There is an energy in the youth which is very difficult to match in the atmosphere of cynicism once we grow up. The mindset is one of “Do it!” rather than “Not done!” I go back to the ‘90s when a group of us friends decided to do what was then we thought a gargantuan task for us; organize a blood donation camp. We started off on a breeze given the fact that we had a readymade location available with us in our club auditorium, the club managing committee deciding to encourage us and the help rendered by the Secretary of Indian Red Cross Society, one Mr.Roy Choudhury who took care of the ‘back end’, the entire collection process right from arranging blood bank to collect, doctors, equipment etc. Our responsibility was confined to the ‘front end’ of the business, arranging the donors. For a bunch that lived in a fairly well connected para, thanks to our club and its close knit members this was like taking candy from a child. The knowledge that there lay a salesman buried inside me was visible for the first time then! A cursory look at the club membership list later, we decided that the we would require more than one blood bank to collect all the units that we would be able to generate! I still practice this ‘art’ though I call it ‘Sales projection' now, the membership lists being replaced by market research papers and Thomson’s Index. But then I digress!
Armed with the gyaan given by the good people at Red Cross on eligibility of a donor etc we started canvassing for; nay enlisting donors. We covered all the ‘routes’ within three days and reached our ‘Boss’ at The Red Cross office for reporting. Mr.Roy Choudhury was deluged by our ‘requirements’ post sharing the numbers of donors who had ‘committed’. We were then advised to cover the same ‘routes’ for a reminder call to the donors informing them about the dates, timing etc which had been freezed. Our only concern as we left the meeting was that the blood bank should bring sufficient collection units lest we have a ‘stock out’!
For the next few days like committed sales team, we spewed blood whenever we opened out mouth, whoever we met! To the extent we friends were bestowed nomenclatures like ‘The Blood Suckers’, ‘The Blood Thirsty Bandits’ and the lyrical ‘Ratha Kaatteri’ by the locality! The last minute review of the ‘committed’ list revealed that there were a few drop outs due to sudden illnesses, ‘out of station’ etc but still we seemed well on course to a triple century on debut.
On the D day everything worked with clockwork precision. The auditorium was festooned with banners and promo material. The Red Cross officials, the Doctors, the paramedics, the equipment all ready to receive the donors. The day started slowly like a good test match inning, gradually moved to very slow and finally ended in a stand still. The final score read something like this: Total Walkins – 140, productive customers – 23, Window Shoppers – 117. A fiasco if there was one! And it left us firstly very angry, then disappointed, finally disillusioned. Never again would we indulge in such a venture on the back of such ‘customers’ we thought. A debate ensued as to who among us will take the lead to apologise to Mr.Roy Choudhury , the ‘Boss’! As we were busy discussing it, Mr.RC made it easy by addressing us instead. “Excellent day! 23 first time donors are more than what we get in a ‘club organized ‘camp. Mark the date and organize it again next year. And yes! We will come back next year too!” He said. This was our first experience of “Boss is out, Mentor is in” moment!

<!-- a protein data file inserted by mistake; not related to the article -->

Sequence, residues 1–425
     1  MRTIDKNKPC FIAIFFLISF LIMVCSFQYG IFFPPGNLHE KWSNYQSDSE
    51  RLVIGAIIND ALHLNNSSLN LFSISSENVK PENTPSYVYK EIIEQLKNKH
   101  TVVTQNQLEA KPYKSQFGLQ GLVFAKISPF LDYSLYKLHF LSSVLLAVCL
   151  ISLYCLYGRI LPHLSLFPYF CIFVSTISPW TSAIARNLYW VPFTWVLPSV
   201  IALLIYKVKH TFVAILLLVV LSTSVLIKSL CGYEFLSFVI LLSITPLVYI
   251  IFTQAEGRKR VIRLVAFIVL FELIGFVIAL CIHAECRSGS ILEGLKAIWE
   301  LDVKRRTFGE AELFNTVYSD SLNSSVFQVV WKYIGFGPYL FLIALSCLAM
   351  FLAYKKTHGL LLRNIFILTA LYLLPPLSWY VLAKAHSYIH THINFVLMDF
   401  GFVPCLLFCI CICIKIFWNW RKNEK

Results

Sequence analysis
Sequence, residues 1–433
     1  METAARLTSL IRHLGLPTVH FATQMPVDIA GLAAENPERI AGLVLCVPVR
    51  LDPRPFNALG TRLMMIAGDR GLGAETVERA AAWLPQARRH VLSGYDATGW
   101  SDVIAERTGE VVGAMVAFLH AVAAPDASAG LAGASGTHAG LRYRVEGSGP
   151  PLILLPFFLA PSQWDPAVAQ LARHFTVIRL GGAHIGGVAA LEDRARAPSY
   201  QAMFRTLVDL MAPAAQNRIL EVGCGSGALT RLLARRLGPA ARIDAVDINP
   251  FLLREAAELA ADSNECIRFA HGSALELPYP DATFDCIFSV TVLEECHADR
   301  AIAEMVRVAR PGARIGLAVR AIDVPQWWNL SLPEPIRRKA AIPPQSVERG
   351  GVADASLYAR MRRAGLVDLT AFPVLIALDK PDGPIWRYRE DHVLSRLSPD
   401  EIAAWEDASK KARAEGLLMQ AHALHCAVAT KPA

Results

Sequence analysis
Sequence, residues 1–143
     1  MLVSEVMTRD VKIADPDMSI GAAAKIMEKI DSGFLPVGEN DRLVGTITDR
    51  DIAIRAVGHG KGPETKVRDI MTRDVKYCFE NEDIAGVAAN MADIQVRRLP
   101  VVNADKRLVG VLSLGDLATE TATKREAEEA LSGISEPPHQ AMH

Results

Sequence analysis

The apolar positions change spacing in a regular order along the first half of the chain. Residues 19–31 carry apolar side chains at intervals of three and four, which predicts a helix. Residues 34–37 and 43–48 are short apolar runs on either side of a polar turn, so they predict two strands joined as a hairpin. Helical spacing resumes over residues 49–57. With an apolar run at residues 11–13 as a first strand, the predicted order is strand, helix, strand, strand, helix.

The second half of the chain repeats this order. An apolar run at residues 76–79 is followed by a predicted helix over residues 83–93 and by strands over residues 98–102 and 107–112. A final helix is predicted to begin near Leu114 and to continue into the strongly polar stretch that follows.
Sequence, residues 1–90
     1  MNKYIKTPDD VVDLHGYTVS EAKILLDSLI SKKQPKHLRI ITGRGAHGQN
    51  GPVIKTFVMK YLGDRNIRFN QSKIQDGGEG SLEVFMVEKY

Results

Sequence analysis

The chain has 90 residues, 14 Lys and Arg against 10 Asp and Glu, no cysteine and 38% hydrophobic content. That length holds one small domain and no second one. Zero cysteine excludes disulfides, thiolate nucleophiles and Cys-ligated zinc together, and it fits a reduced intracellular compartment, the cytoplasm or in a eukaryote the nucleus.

We went on to conduct the camp for a few more years till the rat race consumed us. The number of donors steadily grew to hit about 150+ over the years. Most of them went on to become regular blood donors in life. A register mentioning details of the donors was maintained in the club for ‘emergencies’ and on one occasion fourteen of us donated blood to a friend’s sister undergoing an operation. She needless to add is now completely healthy, happily married and a mother of two angels. Other clubs in the adjoining paras were inspired by our efforts to conduct similar camps and many of them still continue organizing them.
For those who came in late:
If you are 18-60 years, 45 kgs or more, have not suffered from illness like malaria, typhoid, other transmissible disease and certified medically fit by the doctor can donate blood.
You cannot donate blood if you have suffered from cold/fever less than a week ago, consumed antibiotics, had a major surgery within the last six months, vaccination less than 24 hours ago, have a history of cardiac problems, hypertension, epilepsy, diabetes, cancer, liver and kidney malfunction or HIV+.
Against an annual requirement of 85 lakh units of blood barely 52 lakh units are collected through voluntary donations in India. Some are collected through family members. And the rest are left helpless and often to die because you could but didn’t donate the life giving liquid!
PS: Done with reading this? Good! So which blood bank are you off to now?
Ratha Kaatteri : Blood Sucker.